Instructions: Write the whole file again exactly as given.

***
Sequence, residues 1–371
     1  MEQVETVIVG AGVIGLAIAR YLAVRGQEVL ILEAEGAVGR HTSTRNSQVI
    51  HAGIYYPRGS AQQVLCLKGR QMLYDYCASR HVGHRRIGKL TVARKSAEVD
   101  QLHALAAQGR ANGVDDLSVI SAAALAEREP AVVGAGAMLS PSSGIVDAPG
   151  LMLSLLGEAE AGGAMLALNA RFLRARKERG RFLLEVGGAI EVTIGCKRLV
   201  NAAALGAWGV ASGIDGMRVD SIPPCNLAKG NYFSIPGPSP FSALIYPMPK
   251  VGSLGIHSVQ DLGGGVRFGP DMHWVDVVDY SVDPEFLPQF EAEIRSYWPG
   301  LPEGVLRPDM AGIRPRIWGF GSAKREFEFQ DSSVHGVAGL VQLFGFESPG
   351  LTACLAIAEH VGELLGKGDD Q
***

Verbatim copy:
Sequence, residues 1–371
     1  MEQVETVIVG AGVIGLAIAR YLAVRGQEVL ILEAEGAVGR HTSTRNSQVI
    51  HAGIYYPRGS AQQVLCLKGR QMLYDYCASR HVGHRRIGKL TVARKSAEVD
   101  QLHALAAQGR ANGVDDLSVI SAAALAEREP AVVGAGAMLS PSSGIVDAPG
   151  LMLSLLGEAE AGGAMLALNA RFLRARKERG RFLLEVGGAI EVTIGCKRLV
   201  NAAALGAWGV ASGIDGMRVD SIPPCNLAKG NYFSIPGPSP FSALIYPMPK
   251  VGSLGIHSVQ DLGGGVRFGP DMHWVDVVDY SVDPEFLPQF EAEIRSYWPG
   301  LPEGVLRPDM AGIRPRIWGF GSAKREFEFQ DSSVHGVAGL VQLFGFESPG
   351  LTACLAIAEH VGELLGKGDD Q